A Case Before The Board FAQ’s

Q: How does a matter come before the Board?

A: Municipalities are responsible for determining the future development of communities through the preparation of official plans, zoning by-laws and other planning tools. When disputes arise, appeals can be made to the Ontario Municipal Board (OMB) under the Planning Act and other legislation. The OMB does not go into a municipality and make decisions. An appeal must be submitted within the legislated timelines and be accompanied by the required information and filing fees.

Q: What is mediation?

A: Mediation is a process where an impartial person (a mediator) helps parties reach a voluntary, mutually acceptable solution on some or all of the issues.

OMB mediation can take place at any time, before or during a pre-hearing or hearing. It may replace a hearing if the parties come to an agreement during mediation.

At the mediation meeting, the OMB Member advises parties on how the mediation will proceed and sets the rules. The Member guides the mediation by encouraging discussion of the issues and may suggest possible solutions. All documents submitted and issues discussed during mediation are private. Unlike a hearing, a mediation meeting does not include the public. For more information, read “Here’s What You Need to Know about Mediation Hearings (PDF)” information sheet.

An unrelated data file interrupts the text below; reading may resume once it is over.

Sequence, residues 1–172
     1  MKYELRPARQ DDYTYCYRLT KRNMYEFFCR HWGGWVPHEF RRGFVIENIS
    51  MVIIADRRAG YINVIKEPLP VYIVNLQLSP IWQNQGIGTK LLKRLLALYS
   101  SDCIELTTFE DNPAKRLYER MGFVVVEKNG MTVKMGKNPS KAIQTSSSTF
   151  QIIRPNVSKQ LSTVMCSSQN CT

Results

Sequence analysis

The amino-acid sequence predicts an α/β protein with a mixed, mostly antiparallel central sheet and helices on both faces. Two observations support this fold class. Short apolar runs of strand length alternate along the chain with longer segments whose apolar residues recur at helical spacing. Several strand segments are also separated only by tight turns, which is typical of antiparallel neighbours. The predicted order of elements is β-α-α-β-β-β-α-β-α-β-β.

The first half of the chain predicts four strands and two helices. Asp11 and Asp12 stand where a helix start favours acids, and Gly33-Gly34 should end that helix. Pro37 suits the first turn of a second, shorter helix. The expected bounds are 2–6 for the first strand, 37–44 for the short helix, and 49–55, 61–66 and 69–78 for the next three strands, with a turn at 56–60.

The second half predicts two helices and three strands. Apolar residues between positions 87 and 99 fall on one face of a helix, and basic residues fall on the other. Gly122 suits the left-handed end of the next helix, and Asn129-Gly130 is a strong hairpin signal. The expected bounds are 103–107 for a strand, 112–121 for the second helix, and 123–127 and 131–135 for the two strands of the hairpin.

OMB Members are bound by the Code of Conduct for Ontario Municipal Board Mediators. The Code provides principles for mediators’ conduct and promotes confidence in mediation as a process for resolving disputes. View the Code of Conduct for Ontario Municipal Board Mediators.

Q: What is a pre-hearing?

A: A pre-hearing is the first time parties and participants meet to begin the process of hearing a matter at the OMB. Most pre-hearings are held to identify issues, parties and participants; organize complicated matters; determine what documents should be exchanged; and establish procedures for before and during the hearing.

At the pre-hearing, parties and participants may identify their roles and responsibilities; deal with preliminary issues and motions; discuss procedures for the hearing; clarify the questions and issues that will be dealt with at the hearing; determine the length and date of the hearing; and set any additional pre-hearing or mediation dates.

For more information read “Here’s What You need to Know about Pre-Hearings (PDF)” information sheet

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